Tough yet rewarding: Robin McKinley – Deerskin

When you like fairy tales and their retellings as much as I do, there are some books where you know going in they’re not going to be fun. No matter how well written, no matter how skilled an author is at creating memorable characters, the fairy tale plot simply makes it clear that there will be at least certain scenes that will be difficult to read. Donkeyskin is such a fairy tale and I think it’s no wonder there are so few retellings of it.

DEERSKIN
by Robin McKinley

Published by: Open Road Media, 1993
Ebook: 312 pages
Standalone
My rating: 7,5/10

First sentence: Many years later she remembered how her parents had looked to her when she was a small child: her father as tall as a tree, and merry and bright and golden, with her beautiful black-haired mother at his side.

Princess Lissla Lissar is the only child of the king and his queen, who was the most beautiful woman in seven kingdoms. Everyone loved the splendid king and his matchless queen so much that no one had any attention to spare for the princess, who grew up in seclusion, listening to the tales her nursemaid told about her magnificent parents.
But the queen takes ill of a mysterious wasting disease and on her deathbed extracts a strange promise from her husband: “I want you to promise me . . . you will only marry someone as beautiful as I was.”
The king is crazy with grief at her loss, and slow to regain both his wits and his strength. But on Lissar’s seventeenth birthday, two years after the queen’s death, there is a grand ball, and everyone present looks at the princess in astonishment and whispers to their neighbors, How like her mother she is!
On the day after the ball, the king announces that he is to marry again—and that his bride is the princess Lissla Lissar, his own daughter.
Lissar, physically broken, half mad, and terrified, flees her father’s lust with her one loyal friend, her sighthound, Ash. It is the beginning of winter as they journey into the mountains—and on the night when it begins to snow, they find a tiny, deserted cabin with the makings of a fire ready-laid in the hearth.
Thus begins Lissar’s long, profound, and demanding journey away from treachery and pain and horror, to trust and love and healing.

Lissar is the daughter of the most beautiful woman in seven kingdoms. Her nursemaid has told her the story of how her father won her mother many times and it is a truth well fixed in Lissar’s mind as well as the entire kingdom that her mother is simply the most beautiful creature they ever beheld. When she dies, her father the king goes mad with grief and, after a few years, decides to marry again. As Lissar has grown into a young woman, she looks more and more like her mother so – honoring his dying wife’s last wish to only marry another woman if she is as beautiful as herself – the king decides to take Lissar, his own daughter, as his new queen. Trigger Warning: Rape, abuse, incest.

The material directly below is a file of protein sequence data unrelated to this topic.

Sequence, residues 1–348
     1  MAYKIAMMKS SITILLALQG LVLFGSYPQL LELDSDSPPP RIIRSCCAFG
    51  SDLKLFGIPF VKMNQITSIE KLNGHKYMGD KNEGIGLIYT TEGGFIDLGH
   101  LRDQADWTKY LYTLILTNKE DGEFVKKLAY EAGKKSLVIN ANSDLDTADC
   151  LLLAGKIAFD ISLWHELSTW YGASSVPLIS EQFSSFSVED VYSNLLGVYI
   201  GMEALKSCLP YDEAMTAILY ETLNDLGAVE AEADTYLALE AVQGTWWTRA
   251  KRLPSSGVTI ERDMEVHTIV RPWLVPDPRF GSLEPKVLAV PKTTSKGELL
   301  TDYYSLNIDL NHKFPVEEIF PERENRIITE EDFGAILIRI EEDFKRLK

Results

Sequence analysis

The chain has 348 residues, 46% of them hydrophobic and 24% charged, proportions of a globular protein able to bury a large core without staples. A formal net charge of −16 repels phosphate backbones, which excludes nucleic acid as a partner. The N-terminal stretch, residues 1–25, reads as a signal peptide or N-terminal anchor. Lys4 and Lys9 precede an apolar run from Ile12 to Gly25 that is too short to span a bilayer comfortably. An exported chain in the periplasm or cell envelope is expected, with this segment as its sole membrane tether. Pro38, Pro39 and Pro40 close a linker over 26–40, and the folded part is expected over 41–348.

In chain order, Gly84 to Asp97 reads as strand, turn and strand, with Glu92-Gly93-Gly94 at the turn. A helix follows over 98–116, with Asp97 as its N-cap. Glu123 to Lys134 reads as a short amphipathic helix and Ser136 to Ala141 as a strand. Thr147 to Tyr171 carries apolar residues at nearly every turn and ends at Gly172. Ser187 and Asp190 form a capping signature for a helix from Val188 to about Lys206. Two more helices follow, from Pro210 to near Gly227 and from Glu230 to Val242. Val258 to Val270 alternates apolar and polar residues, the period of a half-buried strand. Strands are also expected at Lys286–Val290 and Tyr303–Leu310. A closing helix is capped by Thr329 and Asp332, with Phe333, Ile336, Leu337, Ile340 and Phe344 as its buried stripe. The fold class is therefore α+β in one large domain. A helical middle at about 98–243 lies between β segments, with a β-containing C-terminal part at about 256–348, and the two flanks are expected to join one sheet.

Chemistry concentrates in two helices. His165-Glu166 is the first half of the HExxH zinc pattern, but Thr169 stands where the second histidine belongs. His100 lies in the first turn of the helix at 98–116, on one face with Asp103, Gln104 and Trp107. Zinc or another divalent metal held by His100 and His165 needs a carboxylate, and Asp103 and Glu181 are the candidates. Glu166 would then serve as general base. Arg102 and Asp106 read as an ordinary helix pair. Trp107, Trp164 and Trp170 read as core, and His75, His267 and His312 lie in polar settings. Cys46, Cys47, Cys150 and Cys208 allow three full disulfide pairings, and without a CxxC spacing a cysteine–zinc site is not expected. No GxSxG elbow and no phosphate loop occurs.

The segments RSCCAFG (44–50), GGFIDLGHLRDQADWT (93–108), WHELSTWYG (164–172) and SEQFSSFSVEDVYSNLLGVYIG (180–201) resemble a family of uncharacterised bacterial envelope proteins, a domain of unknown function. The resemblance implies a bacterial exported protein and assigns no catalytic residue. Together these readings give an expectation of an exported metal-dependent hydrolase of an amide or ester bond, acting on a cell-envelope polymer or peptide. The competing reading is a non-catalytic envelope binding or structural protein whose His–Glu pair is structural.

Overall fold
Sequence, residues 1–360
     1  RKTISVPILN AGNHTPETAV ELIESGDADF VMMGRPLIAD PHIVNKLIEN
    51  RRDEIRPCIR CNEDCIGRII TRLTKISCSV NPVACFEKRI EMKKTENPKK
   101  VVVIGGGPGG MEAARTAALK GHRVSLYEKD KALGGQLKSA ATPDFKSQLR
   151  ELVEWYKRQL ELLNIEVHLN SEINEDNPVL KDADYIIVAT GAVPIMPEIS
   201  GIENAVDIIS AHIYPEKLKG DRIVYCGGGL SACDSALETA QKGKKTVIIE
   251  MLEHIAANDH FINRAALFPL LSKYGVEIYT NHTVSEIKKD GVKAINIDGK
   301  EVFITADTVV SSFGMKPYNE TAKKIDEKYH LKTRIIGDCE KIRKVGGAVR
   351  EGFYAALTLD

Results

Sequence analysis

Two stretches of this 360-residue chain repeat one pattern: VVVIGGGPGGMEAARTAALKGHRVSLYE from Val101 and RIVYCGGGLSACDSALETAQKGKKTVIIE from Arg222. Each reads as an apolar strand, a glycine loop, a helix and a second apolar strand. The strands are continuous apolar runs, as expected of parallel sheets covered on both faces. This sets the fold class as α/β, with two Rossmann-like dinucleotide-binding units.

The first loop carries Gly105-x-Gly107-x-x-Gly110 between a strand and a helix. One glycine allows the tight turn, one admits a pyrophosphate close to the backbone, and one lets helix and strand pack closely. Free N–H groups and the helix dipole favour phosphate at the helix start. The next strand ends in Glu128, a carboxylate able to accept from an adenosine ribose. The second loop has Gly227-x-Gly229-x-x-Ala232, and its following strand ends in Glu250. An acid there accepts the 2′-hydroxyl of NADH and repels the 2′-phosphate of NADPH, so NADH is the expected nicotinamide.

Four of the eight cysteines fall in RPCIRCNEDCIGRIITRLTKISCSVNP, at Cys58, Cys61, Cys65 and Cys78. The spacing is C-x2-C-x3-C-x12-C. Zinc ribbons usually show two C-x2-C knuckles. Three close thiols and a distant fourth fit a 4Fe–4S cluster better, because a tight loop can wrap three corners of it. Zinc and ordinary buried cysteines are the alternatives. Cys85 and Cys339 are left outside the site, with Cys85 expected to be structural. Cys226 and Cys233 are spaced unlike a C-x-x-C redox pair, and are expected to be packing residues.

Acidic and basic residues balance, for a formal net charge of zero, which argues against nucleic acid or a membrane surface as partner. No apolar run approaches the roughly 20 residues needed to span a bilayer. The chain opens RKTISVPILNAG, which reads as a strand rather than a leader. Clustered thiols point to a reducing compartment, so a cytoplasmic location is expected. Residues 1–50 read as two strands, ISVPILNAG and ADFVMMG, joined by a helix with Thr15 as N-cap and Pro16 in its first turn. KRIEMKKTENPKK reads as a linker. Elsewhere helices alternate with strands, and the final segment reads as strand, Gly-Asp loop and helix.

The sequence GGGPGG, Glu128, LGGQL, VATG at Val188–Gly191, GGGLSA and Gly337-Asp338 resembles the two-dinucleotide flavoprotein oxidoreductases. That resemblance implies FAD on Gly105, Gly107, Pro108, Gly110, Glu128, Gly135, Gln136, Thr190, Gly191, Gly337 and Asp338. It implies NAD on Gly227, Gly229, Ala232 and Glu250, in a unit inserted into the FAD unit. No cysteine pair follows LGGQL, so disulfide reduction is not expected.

The terror of that fairy tale is hard to describe and Robin McKinley has taken on quite a task in retelling it. Through Lissar’s eyes, the reader experiences just what it might feel like to be this fairy tale heroine, to be chosen by your own father as his new bride. I cannot begin to explain what I felt when the king made this announcement, when he decided to marry his own daughter and share her bed – it was truly the worst part of this book to read and it’s the reason I will never re-read it (although it was an amazing book).

Lissar is a quiet heroine, one without friends except her beloved dog Ash, whom she takes with her when she manages to flee the palace into the cold winter world. Physically and emotionally broken, Lissar meets a sorceress who grants her the gift of time to heal as well as a change in appearance and a magical dress made of deerskin. The following passages read like a dream (or a nightmare) with Lissar somehow surviving a winter alone with her dog in a hut in the woods. Her healing happens slowly and only by pushing away any memories of what happened to her, but after some time, she manages to get a job at the court of another kingdom. She is supposed to try and keep a litter of dogs alive whose mother has died. Nobody believes she can manage but Lissar throws herself into this task as if it were the only thing keeping her alive.

Here, Lissar makes a new life for herself, caring for dogs, even befriending the prince who has as much love for his dogs as Lissar does. But sooner or later, Lissar’s past catches up with her and she has to confront her suppressed memories, has to remember who she is and what has come to pass before her life in the royal kennels.

This is an incredibly difficult book to read because of what it puts Lissar through. But at the same time, it is beautifully written, very slow moving but never boring, and ultimately rewarding. Lissar’s bond with Ash as well as the litter of dogs that everyone thought doomed to die, was just wonderful. The friendship that slowly grows between her and the Prince felt real and believable – there is no insta-romance simply because he’s a prince and, hey, we’re in a fairy tale, so naturally the princess in hiding and the prince must end up together. There is a scene at the very end in which Lissar and Prince Ossin confront the truth, that definitely doesn’t fit the mould of happily-ever-after but is so beautiful and touching because it doesn’t hide the past. Theirs feels like a relationship built on trust and love and acceptance.